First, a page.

Leach said growing up in a fishing family (as he did)  is by no means the only way to get into the fisheries, adding the best mate he ever had was from Iowa.

“You have to love it,” said Leach, “the work ethic and mentality.”

The class’s students were a blend of those who have been around fishing much of their lives and those who never stepped on a boat before.

Gilley hadn’t grown up in a fishing family but when stepping on a fishing boat when she was older, she was hooked. She has also worked with her mom processing clams at Chatham Light Mussels, now owned by Jesse Rose, who also owns F/V Midnight Our and F/V Nemesis (sea clam and scallop vessels ), as well as a smaller boat for mussels.

Caleb Neal, also a senior at Monomoy Regional High School, has a dad and uncle who have fished commercially and unloaded catch at the fish pier. Neal may do that this summer.

“I want to get more familiar with it,” he said.

Adam Barnes Neal, Caleb’s cousin, also worked at the fish pier unloading for Jamie Bassett. It was Bassett who turned Adam on to a job with Jesse Rose.

Then Adam, 31, got a friend from off-Cape to come down and hop aboard.

“I never thought I would have the chance to do this,” said the friend, Sam Jones, 28. “I appreciate Adam speaking up on my behalf and Jesse giving me a chance.”

Fishing on F/V Nemesis has convinced him this is where he wants to be, so he found a room to rent for the summer.

“I expect I’ll be on the boat most of the time anyway,” he said with a grin.

Having 16 hours of solid safety training has helped him “feel a lot more comfortable,” he said.

Vanessa Rose has helped her dad, Captain Keith Rose, operate a business with two fishing boats,  F/V Clamnation out of Wellfleet and the F/V Kimberley Ann out of Provincetown, for a decade.

She said her dad has taught her a lot, but she wants to spend more time on the boat – as well as re-invigorating their oyster farm in Wellfleet – and thought formalized training would be helpful.

Mattera said that is why they spend time going over what to do, then have students do it themselves.

“You can have all the best equipment in the world, but you have to know how to use it,” he said.

The group went over everything from tying knots to practicing Mayday calls to what to have in a “ditch kit.”

“Panic comes out of not knowing what to do,” he said. “When you do panic you need that muscle memory.”

Hatzipetro, who wore an inflatable life preserver for virtually the entire training to show comfortable it was, also went over a raft of fishing terms from “bite” (a loop in the line) to “warp” (the line itself).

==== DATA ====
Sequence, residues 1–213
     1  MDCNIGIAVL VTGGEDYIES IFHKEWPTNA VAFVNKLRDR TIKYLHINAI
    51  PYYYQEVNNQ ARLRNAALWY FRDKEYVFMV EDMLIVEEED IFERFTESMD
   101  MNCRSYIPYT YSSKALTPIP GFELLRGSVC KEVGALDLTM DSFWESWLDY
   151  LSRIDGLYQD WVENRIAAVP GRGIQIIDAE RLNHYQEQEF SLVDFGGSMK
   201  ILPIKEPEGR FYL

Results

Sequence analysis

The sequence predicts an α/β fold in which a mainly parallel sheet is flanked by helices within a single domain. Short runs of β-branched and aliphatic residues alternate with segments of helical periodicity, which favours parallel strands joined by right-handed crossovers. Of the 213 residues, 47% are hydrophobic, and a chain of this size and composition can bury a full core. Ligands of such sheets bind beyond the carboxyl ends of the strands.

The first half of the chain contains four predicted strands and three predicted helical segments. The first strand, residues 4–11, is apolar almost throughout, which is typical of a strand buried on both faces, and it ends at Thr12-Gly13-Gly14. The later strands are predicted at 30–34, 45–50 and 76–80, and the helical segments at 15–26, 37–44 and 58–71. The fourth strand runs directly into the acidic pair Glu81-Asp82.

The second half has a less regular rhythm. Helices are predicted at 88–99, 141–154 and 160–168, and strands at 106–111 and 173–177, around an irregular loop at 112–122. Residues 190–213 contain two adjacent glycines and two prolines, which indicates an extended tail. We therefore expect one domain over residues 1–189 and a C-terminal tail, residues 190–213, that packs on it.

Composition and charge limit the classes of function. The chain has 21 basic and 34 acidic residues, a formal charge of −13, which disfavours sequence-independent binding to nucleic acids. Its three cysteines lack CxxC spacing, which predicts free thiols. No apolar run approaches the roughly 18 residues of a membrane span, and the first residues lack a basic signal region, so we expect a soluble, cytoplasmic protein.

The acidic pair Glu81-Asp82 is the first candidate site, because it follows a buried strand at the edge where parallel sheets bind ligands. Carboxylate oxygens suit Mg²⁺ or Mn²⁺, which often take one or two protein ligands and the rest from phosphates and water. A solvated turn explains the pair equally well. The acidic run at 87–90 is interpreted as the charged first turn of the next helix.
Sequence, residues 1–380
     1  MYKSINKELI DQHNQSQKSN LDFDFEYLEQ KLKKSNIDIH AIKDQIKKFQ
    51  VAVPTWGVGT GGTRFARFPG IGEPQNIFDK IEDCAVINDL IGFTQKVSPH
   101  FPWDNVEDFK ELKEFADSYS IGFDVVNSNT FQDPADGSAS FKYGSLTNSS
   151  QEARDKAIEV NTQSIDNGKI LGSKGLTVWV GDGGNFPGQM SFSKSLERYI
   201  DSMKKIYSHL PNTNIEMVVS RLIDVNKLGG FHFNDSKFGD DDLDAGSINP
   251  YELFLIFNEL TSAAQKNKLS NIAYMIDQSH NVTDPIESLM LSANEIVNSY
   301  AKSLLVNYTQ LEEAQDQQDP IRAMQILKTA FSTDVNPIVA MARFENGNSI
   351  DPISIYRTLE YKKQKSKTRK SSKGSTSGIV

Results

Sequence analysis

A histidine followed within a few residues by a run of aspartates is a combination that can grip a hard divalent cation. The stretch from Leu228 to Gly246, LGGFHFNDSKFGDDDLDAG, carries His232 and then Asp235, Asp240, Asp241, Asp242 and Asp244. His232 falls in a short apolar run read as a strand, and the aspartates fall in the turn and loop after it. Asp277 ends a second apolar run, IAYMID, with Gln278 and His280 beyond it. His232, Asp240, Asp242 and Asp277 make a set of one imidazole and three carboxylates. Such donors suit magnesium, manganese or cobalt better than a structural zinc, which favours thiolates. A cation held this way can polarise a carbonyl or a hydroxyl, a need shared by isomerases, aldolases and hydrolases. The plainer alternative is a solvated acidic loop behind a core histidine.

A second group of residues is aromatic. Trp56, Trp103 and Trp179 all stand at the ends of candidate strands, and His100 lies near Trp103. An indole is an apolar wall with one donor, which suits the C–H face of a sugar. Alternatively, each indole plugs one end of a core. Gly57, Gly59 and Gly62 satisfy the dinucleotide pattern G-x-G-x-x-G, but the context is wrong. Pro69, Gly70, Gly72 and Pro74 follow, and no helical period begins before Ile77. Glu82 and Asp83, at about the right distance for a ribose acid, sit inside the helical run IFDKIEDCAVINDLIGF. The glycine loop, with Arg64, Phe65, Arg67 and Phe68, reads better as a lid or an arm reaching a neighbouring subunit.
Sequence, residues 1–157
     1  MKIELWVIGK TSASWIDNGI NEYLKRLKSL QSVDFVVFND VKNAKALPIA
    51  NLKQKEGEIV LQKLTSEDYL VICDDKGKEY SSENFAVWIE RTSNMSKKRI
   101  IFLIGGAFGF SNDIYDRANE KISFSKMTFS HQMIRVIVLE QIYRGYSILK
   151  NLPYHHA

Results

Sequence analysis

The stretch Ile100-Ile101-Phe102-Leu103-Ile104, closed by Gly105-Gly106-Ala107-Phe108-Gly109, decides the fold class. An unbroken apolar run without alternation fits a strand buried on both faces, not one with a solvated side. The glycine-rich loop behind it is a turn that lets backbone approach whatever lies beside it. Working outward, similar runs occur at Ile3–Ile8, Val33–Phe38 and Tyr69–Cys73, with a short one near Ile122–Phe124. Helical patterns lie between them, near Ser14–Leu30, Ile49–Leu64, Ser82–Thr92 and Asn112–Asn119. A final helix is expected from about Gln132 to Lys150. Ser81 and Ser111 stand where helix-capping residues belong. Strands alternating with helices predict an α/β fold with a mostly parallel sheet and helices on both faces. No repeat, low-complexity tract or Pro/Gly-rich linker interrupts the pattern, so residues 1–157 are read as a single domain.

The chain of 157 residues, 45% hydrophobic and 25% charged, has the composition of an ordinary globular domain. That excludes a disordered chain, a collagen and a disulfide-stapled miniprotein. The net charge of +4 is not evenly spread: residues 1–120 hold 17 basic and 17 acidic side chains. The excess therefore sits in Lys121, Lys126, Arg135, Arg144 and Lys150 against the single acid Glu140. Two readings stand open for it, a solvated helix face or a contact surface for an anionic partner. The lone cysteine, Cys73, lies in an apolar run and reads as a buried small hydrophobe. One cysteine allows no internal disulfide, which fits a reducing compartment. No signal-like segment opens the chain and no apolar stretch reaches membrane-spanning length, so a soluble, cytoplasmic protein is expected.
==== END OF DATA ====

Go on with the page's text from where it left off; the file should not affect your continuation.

Nothing is more disturbing than sending someone to the boat’s aft without them knowing what you are talking about, Mattera said.

Aubrey Church, policy director at the Fishermen’s Alliance, told the class not to worry too much, captain and crew on boats help new hands as much as they can.

Church went over regulations commercial fishermen work under – there are many – and spoke about her experiences as a fishery observer, a federal at-sea monitor who collects data. Church said some fishermen thought she couldn’t do the job because she was a woman.

Church saw that as a challenge, so she just worked harder and earned respect. Several in the class, made up primarily of women, nodded; one had been told she couldn’t fish because she was a woman.

“I would rather have a woman on the boat,” said Mattera, saying in general their focus is better.

The final hours of training focused on setting off flares, putting out fires, donning survival suits and getting in and out of a raft in chilly waters at Stage Harbor.

Michelle Silva, 30, daughter of Provincetown Captain Mike Silva, was one of the few who already experienced getting into a survival suit.

“I used to race my sister when I was like 10, on my dad’s boat,” she said.

Silva works on a whale watch boat, and may fill in lobstering.

Her dad didn’t want her to go into fishing, but things changed.

“He said I should have done this a long time ago. It’s good stuff to know,” Silva said.

Mike VanHoose, who holds the class record for getting on the survival suit in the shortest amount of time, drove down on his motorcycle to see the in-water training.

VanHoose took the training Fishermen’s Alliance held in 2021, crewing for an Orleans captain at the time. When he heard there was another training and Rose was sending crew from the F/V Nemesis, which VanHoose now captains, he said, “Perfect.”